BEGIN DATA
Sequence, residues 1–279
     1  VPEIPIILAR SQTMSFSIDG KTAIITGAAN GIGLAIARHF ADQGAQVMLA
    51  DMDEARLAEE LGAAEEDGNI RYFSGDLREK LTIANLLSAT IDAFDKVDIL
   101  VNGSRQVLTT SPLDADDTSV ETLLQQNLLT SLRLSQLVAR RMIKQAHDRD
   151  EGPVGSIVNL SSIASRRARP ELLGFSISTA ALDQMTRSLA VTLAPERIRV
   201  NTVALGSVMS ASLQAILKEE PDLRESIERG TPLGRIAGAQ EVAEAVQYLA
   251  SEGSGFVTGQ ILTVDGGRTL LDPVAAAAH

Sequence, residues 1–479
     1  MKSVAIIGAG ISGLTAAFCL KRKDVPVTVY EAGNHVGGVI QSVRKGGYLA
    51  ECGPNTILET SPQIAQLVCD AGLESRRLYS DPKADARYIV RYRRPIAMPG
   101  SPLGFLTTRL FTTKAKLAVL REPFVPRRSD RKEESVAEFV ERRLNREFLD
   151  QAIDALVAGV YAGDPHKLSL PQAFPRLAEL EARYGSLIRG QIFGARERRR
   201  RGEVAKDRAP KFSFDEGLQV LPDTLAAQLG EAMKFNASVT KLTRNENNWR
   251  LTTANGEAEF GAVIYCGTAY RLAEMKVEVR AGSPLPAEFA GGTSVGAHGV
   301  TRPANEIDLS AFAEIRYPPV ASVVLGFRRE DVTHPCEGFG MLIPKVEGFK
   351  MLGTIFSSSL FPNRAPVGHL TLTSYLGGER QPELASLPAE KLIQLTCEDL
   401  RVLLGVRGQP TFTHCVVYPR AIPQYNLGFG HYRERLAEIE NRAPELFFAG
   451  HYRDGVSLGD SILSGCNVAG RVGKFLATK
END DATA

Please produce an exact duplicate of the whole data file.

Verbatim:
Sequence, residues 1–279
     1  VPEIPIILAR SQTMSFSIDG KTAIITGAAN GIGLAIARHF ADQGAQVMLA
    51  DMDEARLAEE LGAAEEDGNI RYFSGDLREK LTIANLLSAT IDAFDKVDIL
   101  VNGSRQVLTT SPLDADDTSV ETLLQQNLLT SLRLSQLVAR RMIKQAHDRD
   151  EGPVGSIVNL SSIASRRARP ELLGFSISTA ALDQMTRSLA VTLAPERIRV
   201  NTVALGSVMS ASLQAILKEE PDLRESIERG TPLGRIAGAQ EVAEAVQYLA
   251  SEGSGFVTGQ ILTVDGGRTL LDPVAAAAH

Sequence, residues 1–479
     1  MKSVAIIGAG ISGLTAAFCL KRKDVPVTVY EAGNHVGGVI QSVRKGGYLA
    51  ECGPNTILET SPQIAQLVCD AGLESRRLYS DPKADARYIV RYRRPIAMPG
   101  SPLGFLTTRL FTTKAKLAVL REPFVPRRSD RKEESVAEFV ERRLNREFLD
   151  QAIDALVAGV YAGDPHKLSL PQAFPRLAEL EARYGSLIRG QIFGARERRR
   201  RGEVAKDRAP KFSFDEGLQV LPDTLAAQLG EAMKFNASVT KLTRNENNWR
   251  LTTANGEAEF GAVIYCGTAY RLAEMKVEVR AGSPLPAEFA GGTSVGAHGV
   301  TRPANEIDLS AFAEIRYPPV ASVVLGFRRE DVTHPCEGFG MLIPKVEGFK
   351  MLGTIFSSSL FPNRAPVGHL TLTSYLGGER QPELASLPAE KLIQLTCEDL
   401  RVLLGVRGQP TFTHCVVYPR AIPQYNLGFG HYRERLAEIE NRAPELFFAG
   451  HYRDGVSLGD SILSGCNVAG RVGKFLATK